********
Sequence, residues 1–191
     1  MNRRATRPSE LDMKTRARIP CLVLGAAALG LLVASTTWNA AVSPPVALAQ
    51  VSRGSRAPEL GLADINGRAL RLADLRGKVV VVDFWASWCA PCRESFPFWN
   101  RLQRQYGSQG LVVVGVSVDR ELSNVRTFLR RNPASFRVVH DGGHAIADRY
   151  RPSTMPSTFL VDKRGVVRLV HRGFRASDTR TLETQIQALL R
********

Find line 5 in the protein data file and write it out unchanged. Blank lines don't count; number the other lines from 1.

   151  RPSTMPSTFL VDKRGVVRLV HRGFRASDTR TLETQIQALL R